It is important to emphasize that in our projection, border closure alone is insufficient to prevent healthcare overload, as measured by isolation facilities occupancy. Effective and targeted public health intervention to slow local transmission and reduce local R0 is needed. It can be in the form of universal usage of surgical mask, contact tracing and quarantine system, or social distancing policies such as school cessation [23, 24]. The outbreak on Princess Diamond Cruise clearly illustrated the limitation in outbreak control by border restriction solely with no public health intervention [25, 26]. In early 2020, a number of passengers on Princess Diamond Cruise were found to have COVID-19. Despite there was no further import of COVID-19 cases onto the cruise after the immediate quarantine, there was still rapid rise in the number of COVID-19 cases on the cruise. It was believed that insufficient on-board personal protective equipment and inadequate social distancing were the causes of the unfortunate event. Of the 3711 individuals on the cruise, 624 of 3011 tested passengers were diagnosed with COVID-19 (16.7%) . Unfortunately, implementation of strict public health measures may not be feasible to combat COVID-19 in many regions. For instance, social distancing may not be feasible due to environmental, economic, cultural or religion reasons. There may be a shortage of trained personnel and facilities for performing contact tracing and quarantine .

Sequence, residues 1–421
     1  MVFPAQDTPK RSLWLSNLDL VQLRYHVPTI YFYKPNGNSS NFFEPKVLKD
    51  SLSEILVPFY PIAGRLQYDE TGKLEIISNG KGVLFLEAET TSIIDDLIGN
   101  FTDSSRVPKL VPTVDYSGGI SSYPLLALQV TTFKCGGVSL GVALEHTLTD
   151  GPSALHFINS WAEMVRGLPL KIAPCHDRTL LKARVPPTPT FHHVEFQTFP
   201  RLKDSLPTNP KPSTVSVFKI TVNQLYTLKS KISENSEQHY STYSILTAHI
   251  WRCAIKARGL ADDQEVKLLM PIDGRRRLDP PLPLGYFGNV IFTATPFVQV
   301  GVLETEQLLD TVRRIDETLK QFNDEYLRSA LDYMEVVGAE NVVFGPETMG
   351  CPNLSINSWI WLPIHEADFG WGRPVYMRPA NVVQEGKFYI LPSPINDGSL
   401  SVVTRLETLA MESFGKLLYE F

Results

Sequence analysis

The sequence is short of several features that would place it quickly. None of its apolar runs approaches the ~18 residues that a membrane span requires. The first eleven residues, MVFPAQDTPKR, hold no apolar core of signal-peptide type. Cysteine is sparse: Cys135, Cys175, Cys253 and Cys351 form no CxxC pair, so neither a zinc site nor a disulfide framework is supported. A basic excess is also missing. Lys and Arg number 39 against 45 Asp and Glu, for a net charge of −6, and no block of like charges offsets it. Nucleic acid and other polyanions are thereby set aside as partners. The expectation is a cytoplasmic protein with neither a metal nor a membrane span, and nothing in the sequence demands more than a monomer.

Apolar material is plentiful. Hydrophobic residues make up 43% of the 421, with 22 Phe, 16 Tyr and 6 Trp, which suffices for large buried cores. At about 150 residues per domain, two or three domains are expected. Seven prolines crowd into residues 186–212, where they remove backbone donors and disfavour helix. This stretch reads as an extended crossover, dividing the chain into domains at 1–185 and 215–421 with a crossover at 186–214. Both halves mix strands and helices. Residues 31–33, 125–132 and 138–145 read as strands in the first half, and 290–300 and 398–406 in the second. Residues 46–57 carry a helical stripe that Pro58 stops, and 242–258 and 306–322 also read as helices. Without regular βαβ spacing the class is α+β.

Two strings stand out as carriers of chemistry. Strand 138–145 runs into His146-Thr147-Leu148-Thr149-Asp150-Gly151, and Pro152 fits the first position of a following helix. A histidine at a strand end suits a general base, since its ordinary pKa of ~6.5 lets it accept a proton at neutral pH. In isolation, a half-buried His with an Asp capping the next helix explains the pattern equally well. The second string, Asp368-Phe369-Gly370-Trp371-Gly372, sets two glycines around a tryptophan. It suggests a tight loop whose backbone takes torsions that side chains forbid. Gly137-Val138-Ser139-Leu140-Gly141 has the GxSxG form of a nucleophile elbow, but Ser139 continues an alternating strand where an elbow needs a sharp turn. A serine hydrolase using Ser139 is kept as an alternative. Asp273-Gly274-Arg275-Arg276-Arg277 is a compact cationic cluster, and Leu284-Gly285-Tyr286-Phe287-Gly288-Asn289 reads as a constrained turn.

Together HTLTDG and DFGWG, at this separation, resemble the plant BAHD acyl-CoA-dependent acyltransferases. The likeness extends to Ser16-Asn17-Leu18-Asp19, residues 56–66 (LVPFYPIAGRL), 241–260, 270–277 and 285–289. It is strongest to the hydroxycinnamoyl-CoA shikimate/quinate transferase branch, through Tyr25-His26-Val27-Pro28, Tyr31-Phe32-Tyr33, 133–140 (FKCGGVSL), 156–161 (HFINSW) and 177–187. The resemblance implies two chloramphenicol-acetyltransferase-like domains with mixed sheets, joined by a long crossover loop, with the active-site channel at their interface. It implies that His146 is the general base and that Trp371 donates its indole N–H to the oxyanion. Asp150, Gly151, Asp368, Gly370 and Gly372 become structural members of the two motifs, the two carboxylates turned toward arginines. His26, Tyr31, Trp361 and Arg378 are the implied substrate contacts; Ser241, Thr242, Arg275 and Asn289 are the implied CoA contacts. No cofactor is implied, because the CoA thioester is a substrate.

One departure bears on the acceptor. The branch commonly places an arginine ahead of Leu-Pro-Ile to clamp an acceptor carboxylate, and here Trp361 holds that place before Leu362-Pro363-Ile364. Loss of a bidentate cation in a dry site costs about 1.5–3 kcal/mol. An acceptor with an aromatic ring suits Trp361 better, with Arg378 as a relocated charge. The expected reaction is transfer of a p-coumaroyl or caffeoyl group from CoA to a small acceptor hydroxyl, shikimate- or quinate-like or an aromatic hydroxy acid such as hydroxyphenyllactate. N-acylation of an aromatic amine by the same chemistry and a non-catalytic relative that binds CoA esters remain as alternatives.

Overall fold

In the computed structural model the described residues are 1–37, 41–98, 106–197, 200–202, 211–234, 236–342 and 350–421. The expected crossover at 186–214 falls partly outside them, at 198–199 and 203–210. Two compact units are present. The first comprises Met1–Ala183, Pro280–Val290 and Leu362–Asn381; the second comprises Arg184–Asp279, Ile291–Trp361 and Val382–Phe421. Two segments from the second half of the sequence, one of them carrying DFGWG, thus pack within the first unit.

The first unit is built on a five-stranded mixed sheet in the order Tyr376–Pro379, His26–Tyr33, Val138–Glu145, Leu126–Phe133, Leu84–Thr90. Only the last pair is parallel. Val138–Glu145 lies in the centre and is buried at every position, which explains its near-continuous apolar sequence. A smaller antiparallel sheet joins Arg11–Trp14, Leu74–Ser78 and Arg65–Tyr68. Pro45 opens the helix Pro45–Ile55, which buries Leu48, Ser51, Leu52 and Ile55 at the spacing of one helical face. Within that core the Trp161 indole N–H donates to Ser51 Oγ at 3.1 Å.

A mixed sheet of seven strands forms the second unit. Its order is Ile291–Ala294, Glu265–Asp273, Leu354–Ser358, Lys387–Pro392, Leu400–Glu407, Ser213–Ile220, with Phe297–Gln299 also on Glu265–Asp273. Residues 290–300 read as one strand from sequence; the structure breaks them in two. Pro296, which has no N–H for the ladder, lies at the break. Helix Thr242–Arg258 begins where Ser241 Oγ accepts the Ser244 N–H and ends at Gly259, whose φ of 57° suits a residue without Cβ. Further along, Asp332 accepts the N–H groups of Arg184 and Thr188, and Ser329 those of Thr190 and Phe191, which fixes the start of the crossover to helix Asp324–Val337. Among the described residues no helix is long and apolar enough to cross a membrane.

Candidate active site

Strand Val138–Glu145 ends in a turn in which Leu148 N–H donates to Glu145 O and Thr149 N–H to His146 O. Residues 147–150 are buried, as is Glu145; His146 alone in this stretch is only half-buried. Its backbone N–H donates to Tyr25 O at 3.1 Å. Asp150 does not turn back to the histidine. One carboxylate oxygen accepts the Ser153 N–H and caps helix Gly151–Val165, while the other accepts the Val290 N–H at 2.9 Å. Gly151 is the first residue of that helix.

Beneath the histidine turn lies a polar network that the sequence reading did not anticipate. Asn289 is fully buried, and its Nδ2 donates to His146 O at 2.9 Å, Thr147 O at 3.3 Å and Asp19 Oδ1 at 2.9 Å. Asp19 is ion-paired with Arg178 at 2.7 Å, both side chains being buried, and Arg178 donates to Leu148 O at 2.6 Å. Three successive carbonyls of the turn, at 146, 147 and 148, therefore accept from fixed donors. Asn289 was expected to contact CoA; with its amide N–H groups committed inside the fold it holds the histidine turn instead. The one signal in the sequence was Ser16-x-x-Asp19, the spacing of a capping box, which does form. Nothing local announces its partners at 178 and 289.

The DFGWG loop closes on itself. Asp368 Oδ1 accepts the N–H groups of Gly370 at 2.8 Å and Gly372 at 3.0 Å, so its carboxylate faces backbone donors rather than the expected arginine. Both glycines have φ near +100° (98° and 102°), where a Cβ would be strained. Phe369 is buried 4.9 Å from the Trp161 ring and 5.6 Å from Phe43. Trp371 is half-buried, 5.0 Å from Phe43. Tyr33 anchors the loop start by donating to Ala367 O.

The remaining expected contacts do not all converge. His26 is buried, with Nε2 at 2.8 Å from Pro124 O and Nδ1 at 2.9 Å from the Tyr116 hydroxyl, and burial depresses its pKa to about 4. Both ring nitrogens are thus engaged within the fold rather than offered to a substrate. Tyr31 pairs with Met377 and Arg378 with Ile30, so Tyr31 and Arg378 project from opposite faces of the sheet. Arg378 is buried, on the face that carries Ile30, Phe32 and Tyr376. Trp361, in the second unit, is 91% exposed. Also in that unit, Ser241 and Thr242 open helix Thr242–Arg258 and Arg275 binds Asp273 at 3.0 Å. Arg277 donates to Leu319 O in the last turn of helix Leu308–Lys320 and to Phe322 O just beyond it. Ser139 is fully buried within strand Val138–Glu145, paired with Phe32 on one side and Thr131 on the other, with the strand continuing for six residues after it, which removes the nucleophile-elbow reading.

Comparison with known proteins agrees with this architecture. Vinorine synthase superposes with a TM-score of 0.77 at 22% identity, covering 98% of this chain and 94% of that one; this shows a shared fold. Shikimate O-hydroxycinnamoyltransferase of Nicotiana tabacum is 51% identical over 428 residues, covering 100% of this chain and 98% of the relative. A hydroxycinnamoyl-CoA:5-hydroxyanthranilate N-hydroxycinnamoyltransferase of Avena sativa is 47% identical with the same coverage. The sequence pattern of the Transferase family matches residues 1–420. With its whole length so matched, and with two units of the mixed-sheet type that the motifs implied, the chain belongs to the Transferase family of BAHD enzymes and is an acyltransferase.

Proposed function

In the past 1 year, multiple regions had exponential rise in COVID-19 cases which caused extreme stress to their local health care system [11, 27]. In Wuhan, which was the epicenter of the COVID-19 outbreak in China, severe shortage in isolation facilities has necessitated the urgent construction of multiple temporary hospitals . COVID-19 related mortality in regions with severe outbreak tend to be higher due to relative shortage of medical resources outweigh demand [28, 29]. Advanced life support facilities such as intensive care unit, ventilators, extracorporeal membrane oxygenation (ECMO) machines and anti-viral medications are essential in severe COVID-19 cases but their availability is limited [28, 29]. In addition, COVID-19 also severely hinders other non-COVID-19 related medical services. In Hong Kong, although the total confirmed COVID-19 cases are less than the available isolation facilities at the moment, a significant proportion of other less urgent medical services include elective investigations and surgeries have been suspended to reserve resources for COVID-19 . In less resourceful regions, the effect may even be more pronounced. Although morbidity and mortality caused by such service suspension are not included in the official COVID-19 statistics, the effects cannot be overlooked. Furthermore, uncontrolled local epidemic can cause outbreaks in other regions with close ties . The damage brought by a severe local outbreak of COVID-19 is unbearable. Therefore, it is paramount for governments around the world to prevent or limit scale of local outbreak. As suggested by our projection, border restriction against regions with severe outbreak could reduce local caseload, mortality and isolation facilities occupancy. Furthermore, aggressive and efficient public health measures to reduce local R0 is necessary .